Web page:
The onset of winter sometimes seems to occur almost instantaneously in Alaska.  The sudden change of season happens most obviously when temperatures drop more rapidly than usual around the climatological transition into the long freeze of winter, leading to a nearly binary switch from above-freezing to persistently below-freezing.  This year is an example: here's a chart of daily mean temperatures in Fairbanks since August 1.  The arrival of cold with the first snow on October 3 marked the sudden change.

Assuming the five inches of snow now on the ground in Fairbanks doesn't melt out, October 6 this year will mark the earliest onset of the sustained winter snowpack since 2014, and within the top 10 earliest since 1930.  Read some comments from 2014 here:

There's no significant trend in snowpack onset dates for Fairbanks, and interestingly the 10 earliest dates have occurred at quite regular intervals over the decades.  The latest onset dates show more clustering: a few in the 1930s, and another group in recent years.

Looking farther north in the interior, Bettles also shows no trend (with data since 1951).  The roughly 180 miles makes a difference of about 9 days in the median date (October 10 in Bettles, October 19 in Fairbanks).

However, it is interesting to see that Bettles has not seen a September onset for 15 years now, whereas it occurred 8 times between 1950 and 2010.  Only once (1992) has Fairbanks seen a September snowpack start.  Conversely, Bettles hasn't seen bare ground at the end of October since 1974, whereas it's not too unusual in Fairbanks (and seemed to become commonplace in the last decade or so).

In other interior weather news, Tanana reached a chilly 0°F yesterday morning.  This is the earliest 0°F reading in Tanana since 1996, and it's good for 10th earliest (tied) in the history since 1901 (with some missing data).

Overall the state is seeing the coldest start to October since 2014, judging from the ACCAP standardized statewide index.  Except for 2021, every year from 2015-2022 was quite a bit warmer than normal for the first two weeks of October, so it's a refreshing change.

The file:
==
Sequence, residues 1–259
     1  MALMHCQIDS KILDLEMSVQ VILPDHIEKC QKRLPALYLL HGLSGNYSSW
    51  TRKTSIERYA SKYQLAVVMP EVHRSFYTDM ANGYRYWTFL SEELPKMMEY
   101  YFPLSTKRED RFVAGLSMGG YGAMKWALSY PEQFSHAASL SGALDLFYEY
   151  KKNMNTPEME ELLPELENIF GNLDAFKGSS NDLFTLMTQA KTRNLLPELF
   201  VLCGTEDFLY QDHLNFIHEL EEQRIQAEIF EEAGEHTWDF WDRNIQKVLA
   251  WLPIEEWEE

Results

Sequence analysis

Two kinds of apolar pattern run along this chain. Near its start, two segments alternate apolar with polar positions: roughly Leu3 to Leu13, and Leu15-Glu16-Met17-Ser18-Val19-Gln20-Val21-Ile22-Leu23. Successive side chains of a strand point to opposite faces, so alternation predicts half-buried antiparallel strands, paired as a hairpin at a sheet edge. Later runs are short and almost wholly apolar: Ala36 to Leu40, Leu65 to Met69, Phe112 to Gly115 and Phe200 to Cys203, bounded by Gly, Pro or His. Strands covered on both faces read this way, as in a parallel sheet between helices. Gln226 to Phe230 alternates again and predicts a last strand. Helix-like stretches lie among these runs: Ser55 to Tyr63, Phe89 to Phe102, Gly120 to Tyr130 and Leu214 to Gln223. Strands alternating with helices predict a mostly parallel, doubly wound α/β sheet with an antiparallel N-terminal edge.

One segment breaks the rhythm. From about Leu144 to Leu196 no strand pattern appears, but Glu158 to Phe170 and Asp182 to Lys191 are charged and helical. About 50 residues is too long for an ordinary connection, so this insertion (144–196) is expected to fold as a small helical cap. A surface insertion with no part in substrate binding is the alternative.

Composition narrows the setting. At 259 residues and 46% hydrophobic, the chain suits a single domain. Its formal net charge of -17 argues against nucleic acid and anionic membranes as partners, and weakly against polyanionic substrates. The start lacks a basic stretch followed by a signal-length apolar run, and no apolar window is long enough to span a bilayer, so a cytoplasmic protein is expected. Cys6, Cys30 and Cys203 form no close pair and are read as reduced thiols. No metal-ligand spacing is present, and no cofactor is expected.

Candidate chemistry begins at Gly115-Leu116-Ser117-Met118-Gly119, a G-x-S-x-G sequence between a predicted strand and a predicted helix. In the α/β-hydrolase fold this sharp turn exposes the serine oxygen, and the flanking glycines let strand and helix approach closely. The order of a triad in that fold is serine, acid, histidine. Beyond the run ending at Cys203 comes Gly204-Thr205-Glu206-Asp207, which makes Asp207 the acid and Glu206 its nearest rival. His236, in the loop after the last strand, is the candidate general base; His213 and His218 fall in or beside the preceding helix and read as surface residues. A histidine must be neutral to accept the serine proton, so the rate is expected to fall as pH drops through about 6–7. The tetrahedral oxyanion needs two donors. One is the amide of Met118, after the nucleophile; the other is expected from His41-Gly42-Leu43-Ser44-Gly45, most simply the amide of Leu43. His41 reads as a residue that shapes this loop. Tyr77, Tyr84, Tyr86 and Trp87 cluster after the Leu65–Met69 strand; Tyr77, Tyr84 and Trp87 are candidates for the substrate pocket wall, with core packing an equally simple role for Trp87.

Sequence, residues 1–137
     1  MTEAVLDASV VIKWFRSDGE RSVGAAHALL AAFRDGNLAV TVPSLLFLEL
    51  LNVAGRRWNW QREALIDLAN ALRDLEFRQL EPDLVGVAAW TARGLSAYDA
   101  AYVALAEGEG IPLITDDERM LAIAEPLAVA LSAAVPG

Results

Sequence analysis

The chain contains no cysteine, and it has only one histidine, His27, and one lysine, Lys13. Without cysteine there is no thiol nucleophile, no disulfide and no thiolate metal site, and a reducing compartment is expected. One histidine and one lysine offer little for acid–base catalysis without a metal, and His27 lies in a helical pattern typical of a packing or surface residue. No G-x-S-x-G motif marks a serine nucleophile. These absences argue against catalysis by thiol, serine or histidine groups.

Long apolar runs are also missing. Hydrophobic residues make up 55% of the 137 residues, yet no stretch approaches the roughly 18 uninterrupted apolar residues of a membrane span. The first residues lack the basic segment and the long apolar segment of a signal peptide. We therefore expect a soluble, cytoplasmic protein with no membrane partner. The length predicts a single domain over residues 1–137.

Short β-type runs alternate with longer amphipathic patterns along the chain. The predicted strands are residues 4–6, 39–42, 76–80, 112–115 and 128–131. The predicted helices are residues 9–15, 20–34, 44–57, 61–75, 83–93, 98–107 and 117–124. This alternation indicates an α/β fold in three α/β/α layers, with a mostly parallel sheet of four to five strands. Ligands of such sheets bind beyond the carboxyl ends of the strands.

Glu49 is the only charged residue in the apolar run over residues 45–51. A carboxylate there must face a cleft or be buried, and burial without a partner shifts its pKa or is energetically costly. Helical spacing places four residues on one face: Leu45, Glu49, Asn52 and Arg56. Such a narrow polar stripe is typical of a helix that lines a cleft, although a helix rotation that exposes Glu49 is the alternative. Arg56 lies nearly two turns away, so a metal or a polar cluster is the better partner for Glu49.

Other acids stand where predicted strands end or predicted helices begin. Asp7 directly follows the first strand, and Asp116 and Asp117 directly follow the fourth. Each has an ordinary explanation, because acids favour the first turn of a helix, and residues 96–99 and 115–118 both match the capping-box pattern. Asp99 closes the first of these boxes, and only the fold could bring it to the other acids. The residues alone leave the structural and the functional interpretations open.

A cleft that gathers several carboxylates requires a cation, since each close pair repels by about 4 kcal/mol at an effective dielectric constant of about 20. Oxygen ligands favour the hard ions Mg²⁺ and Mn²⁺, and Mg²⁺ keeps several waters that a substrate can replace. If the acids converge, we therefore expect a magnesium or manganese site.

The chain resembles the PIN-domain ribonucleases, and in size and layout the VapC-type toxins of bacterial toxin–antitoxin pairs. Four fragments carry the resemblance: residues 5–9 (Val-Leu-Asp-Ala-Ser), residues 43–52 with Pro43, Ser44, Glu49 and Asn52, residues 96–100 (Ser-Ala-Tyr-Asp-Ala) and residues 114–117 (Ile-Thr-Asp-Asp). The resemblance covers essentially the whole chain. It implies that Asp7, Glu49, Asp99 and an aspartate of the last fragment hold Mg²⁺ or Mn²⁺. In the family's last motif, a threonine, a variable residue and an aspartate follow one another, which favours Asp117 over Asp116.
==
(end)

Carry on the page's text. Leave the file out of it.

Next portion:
Thursday, October 5, 2023

Signs of Freeze-Up

A dry and chilly north wind has kept wet bulb temperatures at or below freezing today across much of western and northern Alaska, and that means fresh water ice formation is likely beginning on many water bodies.  One of the first places where it's easy to spot from afar is the Koyuk River where it empties into Norton Bay.  Here's this afternoon's webcam view courtesy of the FAA:

The ice collected on both sides of the river over the course of the day today; here's a simple animation.

Looking back at this blog's archives, I noted the ice formation at Koyuk on the following dates in previous years:

October 24, 2013

October 9-11, 2014

October 18-20, 2017

October 14, 2019

October 14, 2022

In other news, it was 0°F at Anaktuvuk Pass this morning, and nearly as cold at some of the interior RAWS sites: +1°F at Norutak Lake and +2°F at the Beaver RAWS in the Yukon Flats.

And yesterday the rarely-operational Galbraith Lake thermometer reported -8°F on the north side of the Brooks Range.  This appears to have been the first sub-zero temperature of the season observed in Alaska.

Tuesday, October 3, 2023

First Snow in Fairbanks

The first accumulating snow fell in Fairbanks today - right on time according to the calendar.  The median date since 1930 is October 2nd.  But these were also the first flakes to be reported in the air at the airport, and that typically happens a few days earlier: September 26 on average.

This morning's Fairbanks sounding showed a temperature profile entirely below freezing, and it's also the first time that has happened so far this season.  This is also close to normal.  The odds of any particular 3am sounding being entirely below freezing in Fairbanks rises approximately as follows:

10%   September 20

25%   October 1

50%   October 10

75%   October 27

85-90%   November 15

It's more uncommon to see a sub-freezing profile in the 3pm sounding at the beginning of October, because there's still a modicum of solar heating to produce a modest diurnal temperature cycle.  Today's 3pm sounding reported exactly 0°C a small distance above the ground.  But the historical frequency of a fully sub-freezing afternoon profile rises quickly as that solar heating gets snuffed out:

10%   October 3

25%   October 9

50%   October 18

75%   November 1

85-90%   November 15

Appealing views from the Nenana webcam today: